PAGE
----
I was recently commissioned “to quickly delve” into a friend’s family tree because she knew “nothing useful” and wanted some stories of her Irish heritage to share with her growing brood of grandchildren. I soon learned her grandmother’s maiden name was "Fischer with a -C." This immediately fired up the German-speaking part of my brain. Further investigation revealed my friend's grandmother was one Augustina Wilhelmina Driemel, and not the Mary Murphy I had envisaged. She excitedly called her si...

The German and Scandinavian Presence in Tasmania: Case Histories on Selected Settlements

  • Michael Watt
  • 18 August 2018 10:10
  • Eclipse Room

The purpose of this study is to identify the attributes of rural settlements that immigrants from Germany and Scandinavia established in Tasmania in the nineteenth century. The study focuses on determining whether the immigrants established open or closed settlements based on an examination of five attributes: religion; education; occupation; language use; and social interaction. Using historical, ethnographic and content analysis research methods, the study examined clustered settlements that t...

Die Tischler and their Australian legacy

  • James Bertouch
  • 18 August 2018 10:10
  • W P Rogers Room

A presentation, including photographs, about the furniture and decorative arts made by German born craftsmen and cabinetmakers, including  Schaedel, Graetz, Launer, Freytag and the Maerschel brothers  who migrated to Australia and settled in specific areas such as the Barossa valley. The influences on aspects of design, such as traditional and religious forms, will be investigated, as will the use of Australian native timbers including red gum and Huon pine. While  examples of these pieces can b...

A God Fearing People cast into a strange and forbidding land! The German Baptists of Queensland

  • David Parker
  • 18 August 2018 11:30
  • Eclipse Room

At its peak around the end of the 19 th century, German migration contributed up to 10% of the population of Queensland. Of these, a significant group were, or become, Baptists, and they were concentrated in the area north and west of Ipswich. With roots of their churches developing first from the 1860s, they eventually formed their own denomination; after the mid-1920s they merged with their ‘English’ counterparts who were established first in 1855 and organised themselves in 1877....

Waltzes, Wurst and Wine: Adventures in Search of German-Queensland

  • Mark Schuster
  • 18 August 2018 11:30
  • W P Rogers Room

Folklorist and historian Mark Schuster (www.germanydownunder.com) has spent half-a-lifetime travelling throughout southern Queensland recording, documenting and also performing the unique traditions of the once extensive German-Queensland farming communities. The presentation will focus on the settlement patterns, traditions, culture and stories of the communities. As well as illustrating the wealth of traditions unearthed, Mark will provide a fascinating insight into his adventures in the quest...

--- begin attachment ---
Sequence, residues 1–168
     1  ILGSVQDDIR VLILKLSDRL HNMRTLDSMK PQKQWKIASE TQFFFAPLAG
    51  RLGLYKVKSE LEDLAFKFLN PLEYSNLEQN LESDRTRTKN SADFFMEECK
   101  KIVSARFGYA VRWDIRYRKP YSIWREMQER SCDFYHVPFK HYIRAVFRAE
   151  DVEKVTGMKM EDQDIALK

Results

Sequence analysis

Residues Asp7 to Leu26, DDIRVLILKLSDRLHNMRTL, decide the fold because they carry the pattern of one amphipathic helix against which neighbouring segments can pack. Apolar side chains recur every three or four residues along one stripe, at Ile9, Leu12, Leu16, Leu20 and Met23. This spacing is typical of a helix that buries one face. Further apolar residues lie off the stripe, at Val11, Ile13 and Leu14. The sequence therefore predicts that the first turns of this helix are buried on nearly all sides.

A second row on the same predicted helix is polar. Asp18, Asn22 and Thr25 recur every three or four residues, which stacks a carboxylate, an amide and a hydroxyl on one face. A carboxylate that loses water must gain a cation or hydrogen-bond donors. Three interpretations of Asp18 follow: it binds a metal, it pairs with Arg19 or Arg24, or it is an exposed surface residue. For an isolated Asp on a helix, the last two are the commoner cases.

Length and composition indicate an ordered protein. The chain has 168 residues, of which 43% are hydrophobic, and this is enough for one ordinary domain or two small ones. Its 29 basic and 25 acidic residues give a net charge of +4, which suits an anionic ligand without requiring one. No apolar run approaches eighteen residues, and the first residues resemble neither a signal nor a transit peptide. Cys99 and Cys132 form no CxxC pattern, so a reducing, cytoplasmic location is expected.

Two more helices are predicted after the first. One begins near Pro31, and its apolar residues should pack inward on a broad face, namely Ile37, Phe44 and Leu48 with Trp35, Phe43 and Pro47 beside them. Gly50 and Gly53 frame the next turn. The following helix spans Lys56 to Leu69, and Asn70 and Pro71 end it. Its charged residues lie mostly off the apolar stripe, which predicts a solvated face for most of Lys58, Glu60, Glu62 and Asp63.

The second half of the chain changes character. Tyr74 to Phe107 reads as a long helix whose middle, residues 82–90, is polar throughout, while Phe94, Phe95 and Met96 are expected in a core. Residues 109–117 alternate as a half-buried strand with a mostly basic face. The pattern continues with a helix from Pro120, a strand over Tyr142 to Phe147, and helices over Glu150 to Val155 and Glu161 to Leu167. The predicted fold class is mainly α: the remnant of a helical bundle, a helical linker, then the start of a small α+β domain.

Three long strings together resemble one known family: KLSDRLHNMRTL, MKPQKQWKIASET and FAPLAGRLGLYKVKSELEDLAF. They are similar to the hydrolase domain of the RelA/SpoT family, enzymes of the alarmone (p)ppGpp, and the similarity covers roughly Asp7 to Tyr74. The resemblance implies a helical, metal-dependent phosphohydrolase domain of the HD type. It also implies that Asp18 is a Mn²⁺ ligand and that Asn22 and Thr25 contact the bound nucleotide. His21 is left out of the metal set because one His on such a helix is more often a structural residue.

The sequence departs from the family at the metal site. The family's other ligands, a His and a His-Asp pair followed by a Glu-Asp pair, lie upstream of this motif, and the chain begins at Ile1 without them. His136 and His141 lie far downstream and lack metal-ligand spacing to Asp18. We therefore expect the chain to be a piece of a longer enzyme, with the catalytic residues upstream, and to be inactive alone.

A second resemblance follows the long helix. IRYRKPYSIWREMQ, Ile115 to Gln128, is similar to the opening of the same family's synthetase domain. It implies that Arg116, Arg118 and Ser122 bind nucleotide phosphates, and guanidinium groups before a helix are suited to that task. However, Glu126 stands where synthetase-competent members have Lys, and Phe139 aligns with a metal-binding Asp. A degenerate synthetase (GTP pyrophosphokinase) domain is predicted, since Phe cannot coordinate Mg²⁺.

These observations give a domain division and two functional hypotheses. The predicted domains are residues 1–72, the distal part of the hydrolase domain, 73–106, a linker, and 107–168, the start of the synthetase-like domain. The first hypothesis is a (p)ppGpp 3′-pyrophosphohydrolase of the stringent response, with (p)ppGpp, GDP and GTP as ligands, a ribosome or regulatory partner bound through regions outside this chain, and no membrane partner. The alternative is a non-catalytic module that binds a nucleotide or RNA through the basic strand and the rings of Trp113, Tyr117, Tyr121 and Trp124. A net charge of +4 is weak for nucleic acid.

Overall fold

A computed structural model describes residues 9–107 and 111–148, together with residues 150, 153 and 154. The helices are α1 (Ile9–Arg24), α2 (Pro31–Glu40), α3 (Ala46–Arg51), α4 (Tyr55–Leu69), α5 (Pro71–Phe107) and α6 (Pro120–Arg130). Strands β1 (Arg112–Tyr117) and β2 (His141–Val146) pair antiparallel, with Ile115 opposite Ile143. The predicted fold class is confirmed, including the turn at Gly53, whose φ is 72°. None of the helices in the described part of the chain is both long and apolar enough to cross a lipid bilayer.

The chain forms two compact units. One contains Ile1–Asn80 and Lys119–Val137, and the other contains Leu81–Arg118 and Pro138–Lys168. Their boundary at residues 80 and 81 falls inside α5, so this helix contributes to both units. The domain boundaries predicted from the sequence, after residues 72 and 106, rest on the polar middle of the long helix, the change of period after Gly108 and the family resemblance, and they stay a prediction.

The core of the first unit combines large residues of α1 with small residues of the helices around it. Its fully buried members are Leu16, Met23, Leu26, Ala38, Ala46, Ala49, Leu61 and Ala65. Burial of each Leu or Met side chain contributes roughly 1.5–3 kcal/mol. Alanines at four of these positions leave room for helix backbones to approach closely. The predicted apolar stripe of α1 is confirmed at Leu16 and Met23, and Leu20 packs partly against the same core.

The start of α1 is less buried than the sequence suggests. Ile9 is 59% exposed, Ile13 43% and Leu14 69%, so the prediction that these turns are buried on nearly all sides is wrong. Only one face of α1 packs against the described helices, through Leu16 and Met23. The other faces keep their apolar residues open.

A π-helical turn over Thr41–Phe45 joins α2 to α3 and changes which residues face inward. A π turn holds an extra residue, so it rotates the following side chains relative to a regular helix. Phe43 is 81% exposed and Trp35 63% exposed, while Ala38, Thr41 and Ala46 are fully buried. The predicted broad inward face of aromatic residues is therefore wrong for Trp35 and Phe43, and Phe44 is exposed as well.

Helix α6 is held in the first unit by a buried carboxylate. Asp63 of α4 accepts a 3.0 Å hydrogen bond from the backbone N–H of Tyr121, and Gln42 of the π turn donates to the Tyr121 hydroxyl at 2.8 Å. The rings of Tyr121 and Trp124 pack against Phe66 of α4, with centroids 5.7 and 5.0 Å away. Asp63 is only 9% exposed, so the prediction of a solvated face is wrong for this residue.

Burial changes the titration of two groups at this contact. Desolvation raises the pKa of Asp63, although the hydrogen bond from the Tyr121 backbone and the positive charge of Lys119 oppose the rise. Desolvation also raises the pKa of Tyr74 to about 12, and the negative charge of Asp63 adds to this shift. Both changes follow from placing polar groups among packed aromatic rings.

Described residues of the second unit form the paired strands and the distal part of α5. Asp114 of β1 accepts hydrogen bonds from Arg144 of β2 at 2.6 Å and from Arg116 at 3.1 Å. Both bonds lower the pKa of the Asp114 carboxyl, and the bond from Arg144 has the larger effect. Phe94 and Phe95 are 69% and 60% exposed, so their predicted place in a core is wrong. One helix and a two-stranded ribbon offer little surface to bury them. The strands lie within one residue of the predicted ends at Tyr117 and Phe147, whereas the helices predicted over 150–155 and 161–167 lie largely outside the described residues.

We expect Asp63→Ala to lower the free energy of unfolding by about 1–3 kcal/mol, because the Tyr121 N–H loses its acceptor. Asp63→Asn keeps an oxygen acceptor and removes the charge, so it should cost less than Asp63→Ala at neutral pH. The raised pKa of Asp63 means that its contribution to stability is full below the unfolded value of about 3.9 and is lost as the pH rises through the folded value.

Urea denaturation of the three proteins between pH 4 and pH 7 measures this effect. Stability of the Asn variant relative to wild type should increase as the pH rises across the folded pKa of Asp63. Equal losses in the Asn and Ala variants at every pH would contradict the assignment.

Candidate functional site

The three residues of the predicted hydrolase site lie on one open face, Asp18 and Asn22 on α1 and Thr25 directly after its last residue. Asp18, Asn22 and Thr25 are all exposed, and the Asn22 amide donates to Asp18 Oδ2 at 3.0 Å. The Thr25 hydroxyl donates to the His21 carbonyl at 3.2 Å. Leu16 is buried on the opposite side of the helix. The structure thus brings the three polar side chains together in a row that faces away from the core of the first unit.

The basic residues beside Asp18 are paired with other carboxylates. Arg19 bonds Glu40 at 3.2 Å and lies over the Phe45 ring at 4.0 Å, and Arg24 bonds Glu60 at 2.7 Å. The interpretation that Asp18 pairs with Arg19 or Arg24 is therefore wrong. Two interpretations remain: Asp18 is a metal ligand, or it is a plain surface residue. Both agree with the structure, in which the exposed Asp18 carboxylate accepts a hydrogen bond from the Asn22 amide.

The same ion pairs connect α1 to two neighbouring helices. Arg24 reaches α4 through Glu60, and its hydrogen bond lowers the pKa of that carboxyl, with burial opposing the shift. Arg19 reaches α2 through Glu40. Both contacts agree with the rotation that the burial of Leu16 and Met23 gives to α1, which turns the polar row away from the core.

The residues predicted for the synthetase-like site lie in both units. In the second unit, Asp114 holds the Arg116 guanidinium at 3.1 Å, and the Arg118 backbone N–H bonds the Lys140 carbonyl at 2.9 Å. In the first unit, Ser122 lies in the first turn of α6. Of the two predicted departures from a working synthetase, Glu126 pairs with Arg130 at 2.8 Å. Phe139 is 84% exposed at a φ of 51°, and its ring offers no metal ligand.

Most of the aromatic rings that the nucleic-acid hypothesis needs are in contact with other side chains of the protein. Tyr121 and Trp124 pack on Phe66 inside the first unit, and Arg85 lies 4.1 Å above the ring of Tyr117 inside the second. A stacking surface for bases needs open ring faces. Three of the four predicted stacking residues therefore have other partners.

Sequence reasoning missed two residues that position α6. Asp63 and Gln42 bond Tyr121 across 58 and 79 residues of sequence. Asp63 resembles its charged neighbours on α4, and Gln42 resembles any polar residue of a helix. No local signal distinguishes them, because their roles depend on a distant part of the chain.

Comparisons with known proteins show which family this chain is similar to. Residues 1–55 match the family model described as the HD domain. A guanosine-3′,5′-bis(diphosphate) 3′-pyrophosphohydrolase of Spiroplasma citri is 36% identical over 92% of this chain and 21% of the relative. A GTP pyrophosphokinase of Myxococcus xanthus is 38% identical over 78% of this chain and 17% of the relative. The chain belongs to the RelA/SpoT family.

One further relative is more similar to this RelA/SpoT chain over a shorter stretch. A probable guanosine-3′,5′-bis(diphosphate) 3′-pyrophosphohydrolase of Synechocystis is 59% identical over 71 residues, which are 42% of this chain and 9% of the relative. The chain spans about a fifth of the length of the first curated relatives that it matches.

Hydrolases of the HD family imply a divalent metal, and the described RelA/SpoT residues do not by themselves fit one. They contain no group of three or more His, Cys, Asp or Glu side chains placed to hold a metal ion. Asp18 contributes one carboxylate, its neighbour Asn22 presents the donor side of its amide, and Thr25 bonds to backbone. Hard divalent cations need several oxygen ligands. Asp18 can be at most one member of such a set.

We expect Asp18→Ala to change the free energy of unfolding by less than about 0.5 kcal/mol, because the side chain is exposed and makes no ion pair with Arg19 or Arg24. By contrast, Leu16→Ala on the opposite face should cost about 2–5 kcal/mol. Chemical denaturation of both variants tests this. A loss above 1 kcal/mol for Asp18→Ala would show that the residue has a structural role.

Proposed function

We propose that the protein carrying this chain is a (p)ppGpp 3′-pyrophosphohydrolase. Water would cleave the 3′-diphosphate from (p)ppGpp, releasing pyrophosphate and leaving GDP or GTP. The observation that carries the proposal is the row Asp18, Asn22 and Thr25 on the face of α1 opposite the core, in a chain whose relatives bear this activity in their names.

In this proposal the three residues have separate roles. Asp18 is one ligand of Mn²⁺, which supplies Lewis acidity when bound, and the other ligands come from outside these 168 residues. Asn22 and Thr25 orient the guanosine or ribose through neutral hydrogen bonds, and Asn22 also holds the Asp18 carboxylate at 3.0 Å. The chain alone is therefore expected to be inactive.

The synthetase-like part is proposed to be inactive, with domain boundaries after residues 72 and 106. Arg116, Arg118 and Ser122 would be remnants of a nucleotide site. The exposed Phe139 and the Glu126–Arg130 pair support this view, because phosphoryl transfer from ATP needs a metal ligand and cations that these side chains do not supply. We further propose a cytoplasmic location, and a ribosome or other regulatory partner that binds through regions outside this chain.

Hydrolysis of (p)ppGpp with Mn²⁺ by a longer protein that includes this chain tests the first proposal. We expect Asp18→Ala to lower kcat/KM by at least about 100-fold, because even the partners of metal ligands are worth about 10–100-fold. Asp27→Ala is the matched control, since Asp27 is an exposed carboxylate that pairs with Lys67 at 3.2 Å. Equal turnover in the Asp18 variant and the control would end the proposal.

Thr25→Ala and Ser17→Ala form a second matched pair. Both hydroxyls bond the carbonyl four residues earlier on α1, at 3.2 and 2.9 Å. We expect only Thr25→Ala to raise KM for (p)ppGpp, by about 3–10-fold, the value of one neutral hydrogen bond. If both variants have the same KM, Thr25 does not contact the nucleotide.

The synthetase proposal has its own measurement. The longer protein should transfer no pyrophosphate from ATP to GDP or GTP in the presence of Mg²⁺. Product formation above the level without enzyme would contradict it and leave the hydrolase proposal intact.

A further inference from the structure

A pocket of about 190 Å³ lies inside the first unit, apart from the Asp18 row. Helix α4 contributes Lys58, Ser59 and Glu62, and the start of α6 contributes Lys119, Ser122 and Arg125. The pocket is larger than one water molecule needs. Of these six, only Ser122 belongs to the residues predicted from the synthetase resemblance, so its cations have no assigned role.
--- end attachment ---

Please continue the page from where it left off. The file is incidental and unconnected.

Using DNA for German Family History Research

  • Cate Pearce
  • 18 August 2018 13:30
  • Margaret Murray Room

DNA testing is most helpful for breaking through family history brick walls in cases where the paper trail has been exhausted. Furthermore, DNA testing connects us with our genetic cousins who share a common ancestor and who might have information, photos or documents that can broaden our research. This presentation is not about the science of DNA, it is about how you can use this valuable tool for your family history research. DNA case studies are presented that focus particularly on German fam...

Nine Serendipitous Meetings

  • Frank Olivier
  • 18 August 2018 14:40
  • Margaret Murray Room

A powerful presentation covering three generations of the Olivier/Wall family history, including the Olivier's German lineage, Frank's early childhood, his very strong determined mother who had a binding love for her four children, the tragic loss of her husband towards the end of WWII, her loyalty to an Australian pen friend, the need to escape the destruction of a bomb blasted Berlin and a downtrodden country, the invasion by the Russians into East Germany and the occupation by the Allies. ...

The Great War and the treatment of German-Australians in South Australia 1914-1922

  • Michael Wohltmann
  • 18 August 2018 16:00
  • Eclipse Room